At eleven below zero the sound of tires rolling on snow sounds just like rubbing two pieces of styrofoam together. Not a pleasant nor unpleasant sound.
At this temperature any moisture on a bike freezes quickly. Like the moisture in my rear brake cable. At this temp either the muscles start to get stiff or the grease in the bike gets stiff. Things freeze. It's no fun. Except when it is.
I don't want to spend too much time talking about the cold and how it is soooo unbearable, but I ride in it anyway. That's just silly.
Instead, let's talk about rumors and trains. Trains and rumors. For a number of years, going back to at least 2009, there has been talk of a commuter train from the Valley to Anchorage. To this point, there's been a lot of roadblocks. Not the least of which is the cost of upgrading rail lines in order to bring the travel time below an hour.
Yesterday I heard from an older woman on the bus that the talk of a commuter run is in the works again and that the Alaska Railroad Company plans to have it started by mid-summer.
My initial thought is that this is great. Anything to offer the types of choices that will get folks off the road and into mass transit.
Then I actually stopped to think about it. And there are a number of issues I foresee. First, the Valley Mover bus is in a constant state of flux trying to match service levels to ridership numbers and right now we are in the midst of discontinuing another bus from the schedule. So, the addition of a daily commuter train or trains likely means that a portion of the VM riders will migrate to the train, thus reducing rider numbers, thus requiring a consolidation of buses. My only concern, as a rider, with this is that with fewer options for bus schedules, the harder it will be for some riders to make the bus work with their schedule - thus possibly reducing ridership further. You see where this is going. A downward spiral.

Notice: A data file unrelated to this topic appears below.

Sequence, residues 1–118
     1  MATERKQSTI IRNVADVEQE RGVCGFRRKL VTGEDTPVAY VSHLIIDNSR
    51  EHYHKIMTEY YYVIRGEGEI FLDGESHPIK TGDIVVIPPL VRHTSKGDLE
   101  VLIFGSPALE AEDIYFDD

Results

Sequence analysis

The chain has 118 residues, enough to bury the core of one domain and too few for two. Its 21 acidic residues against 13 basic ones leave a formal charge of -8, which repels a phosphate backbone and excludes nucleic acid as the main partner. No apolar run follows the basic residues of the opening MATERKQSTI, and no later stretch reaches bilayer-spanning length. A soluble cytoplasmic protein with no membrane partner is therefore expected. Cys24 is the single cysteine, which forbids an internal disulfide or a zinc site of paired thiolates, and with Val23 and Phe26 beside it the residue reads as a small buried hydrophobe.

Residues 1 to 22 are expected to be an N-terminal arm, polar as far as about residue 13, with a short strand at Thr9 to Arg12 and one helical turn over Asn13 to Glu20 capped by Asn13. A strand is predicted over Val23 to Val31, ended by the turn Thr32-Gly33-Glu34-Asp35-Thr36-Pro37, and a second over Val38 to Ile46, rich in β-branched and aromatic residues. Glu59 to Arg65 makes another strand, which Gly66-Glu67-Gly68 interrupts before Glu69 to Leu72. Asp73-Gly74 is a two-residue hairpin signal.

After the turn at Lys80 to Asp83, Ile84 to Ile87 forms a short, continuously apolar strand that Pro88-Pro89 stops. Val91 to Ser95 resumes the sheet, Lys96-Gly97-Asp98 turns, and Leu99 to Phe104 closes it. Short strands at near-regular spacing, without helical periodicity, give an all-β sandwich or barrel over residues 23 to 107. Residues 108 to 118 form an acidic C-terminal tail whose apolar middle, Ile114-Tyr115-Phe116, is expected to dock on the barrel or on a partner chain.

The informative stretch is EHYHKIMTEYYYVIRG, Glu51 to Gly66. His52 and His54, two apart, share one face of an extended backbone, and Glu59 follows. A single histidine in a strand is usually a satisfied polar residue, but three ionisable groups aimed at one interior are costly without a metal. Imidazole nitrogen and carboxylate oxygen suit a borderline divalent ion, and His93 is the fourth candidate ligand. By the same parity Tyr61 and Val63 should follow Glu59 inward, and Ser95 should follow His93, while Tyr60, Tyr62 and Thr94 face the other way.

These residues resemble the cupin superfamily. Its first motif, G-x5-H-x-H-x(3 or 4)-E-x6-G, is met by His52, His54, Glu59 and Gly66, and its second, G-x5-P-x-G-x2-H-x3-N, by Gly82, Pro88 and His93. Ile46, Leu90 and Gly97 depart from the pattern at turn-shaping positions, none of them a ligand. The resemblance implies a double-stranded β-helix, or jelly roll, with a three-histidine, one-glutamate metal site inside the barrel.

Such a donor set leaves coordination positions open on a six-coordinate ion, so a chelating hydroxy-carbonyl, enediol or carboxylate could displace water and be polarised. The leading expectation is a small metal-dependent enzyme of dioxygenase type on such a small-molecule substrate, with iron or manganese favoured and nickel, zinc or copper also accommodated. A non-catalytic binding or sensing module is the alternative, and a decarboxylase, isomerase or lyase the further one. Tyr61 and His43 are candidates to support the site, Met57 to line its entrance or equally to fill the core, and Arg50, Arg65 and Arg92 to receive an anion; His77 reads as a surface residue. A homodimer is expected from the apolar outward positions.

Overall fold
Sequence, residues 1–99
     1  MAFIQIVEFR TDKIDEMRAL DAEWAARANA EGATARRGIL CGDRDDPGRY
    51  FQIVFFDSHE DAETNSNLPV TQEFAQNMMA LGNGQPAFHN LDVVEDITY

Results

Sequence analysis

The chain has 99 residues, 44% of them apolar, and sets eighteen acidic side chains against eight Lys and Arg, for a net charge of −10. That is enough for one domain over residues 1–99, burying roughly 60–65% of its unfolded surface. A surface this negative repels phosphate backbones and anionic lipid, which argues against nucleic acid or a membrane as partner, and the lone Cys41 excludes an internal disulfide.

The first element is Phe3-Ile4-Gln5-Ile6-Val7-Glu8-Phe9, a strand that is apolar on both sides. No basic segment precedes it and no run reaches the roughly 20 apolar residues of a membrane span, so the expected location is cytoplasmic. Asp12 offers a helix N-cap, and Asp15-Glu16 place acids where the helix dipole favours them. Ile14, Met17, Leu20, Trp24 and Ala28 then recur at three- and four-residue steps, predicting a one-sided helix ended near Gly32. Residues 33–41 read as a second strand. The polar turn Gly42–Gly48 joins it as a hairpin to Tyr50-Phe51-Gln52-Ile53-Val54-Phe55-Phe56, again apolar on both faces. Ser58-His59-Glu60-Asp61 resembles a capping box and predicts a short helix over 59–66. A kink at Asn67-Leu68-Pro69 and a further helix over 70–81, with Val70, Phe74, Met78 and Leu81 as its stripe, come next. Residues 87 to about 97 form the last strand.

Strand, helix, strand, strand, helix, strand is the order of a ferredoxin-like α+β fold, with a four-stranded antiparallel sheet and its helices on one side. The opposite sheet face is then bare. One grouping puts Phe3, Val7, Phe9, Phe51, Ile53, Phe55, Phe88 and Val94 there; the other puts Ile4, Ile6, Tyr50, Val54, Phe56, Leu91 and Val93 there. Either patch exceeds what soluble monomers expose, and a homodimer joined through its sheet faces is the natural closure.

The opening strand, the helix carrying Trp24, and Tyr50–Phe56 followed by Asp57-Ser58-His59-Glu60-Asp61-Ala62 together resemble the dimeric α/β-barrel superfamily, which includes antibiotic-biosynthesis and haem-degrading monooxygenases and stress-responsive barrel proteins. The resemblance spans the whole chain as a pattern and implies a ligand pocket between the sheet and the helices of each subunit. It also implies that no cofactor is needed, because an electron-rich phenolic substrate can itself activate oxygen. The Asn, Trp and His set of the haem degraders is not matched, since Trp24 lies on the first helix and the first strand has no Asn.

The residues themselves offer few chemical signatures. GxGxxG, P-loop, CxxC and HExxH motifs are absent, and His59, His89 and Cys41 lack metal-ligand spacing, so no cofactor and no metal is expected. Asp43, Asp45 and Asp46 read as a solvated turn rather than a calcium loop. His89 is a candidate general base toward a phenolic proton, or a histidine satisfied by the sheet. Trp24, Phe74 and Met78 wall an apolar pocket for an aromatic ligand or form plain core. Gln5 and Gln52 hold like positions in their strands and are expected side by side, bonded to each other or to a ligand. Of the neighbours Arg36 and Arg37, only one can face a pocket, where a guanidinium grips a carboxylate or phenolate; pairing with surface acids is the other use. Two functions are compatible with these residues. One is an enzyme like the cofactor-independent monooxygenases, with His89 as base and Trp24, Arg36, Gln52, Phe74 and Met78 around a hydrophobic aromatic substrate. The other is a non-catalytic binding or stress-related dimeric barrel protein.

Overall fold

Another issue I see is with the train service itself. In the winter it would be wonderful to be on a train and not have to worry about the traffic and road conditions. And if the train runs faster than the bus, that's another plus. But at what cost? Right now the VM is $125 for a monthly pass. Can the train meet or beat that? Maybe so, but something tells me that it's not likely. If the train is not reasonable, not less than what it would cost to drive, then why would someone use the service? And where are the train stations to be located? The VM has the benefit of really being able to pick up and drop off anywhere. The train does not have this luxury. Though, one might be able to purchase a hot cuppa Joe on the train. And I'm sure the ride would be warmer in the winter than the busses are.
I'm excited to see how this plays out - if it plays out at all. More choices, on the whole, have to be a good thing. Getting more people into mass transit is the ultimate goal and if the train helps with that, then that is awesome.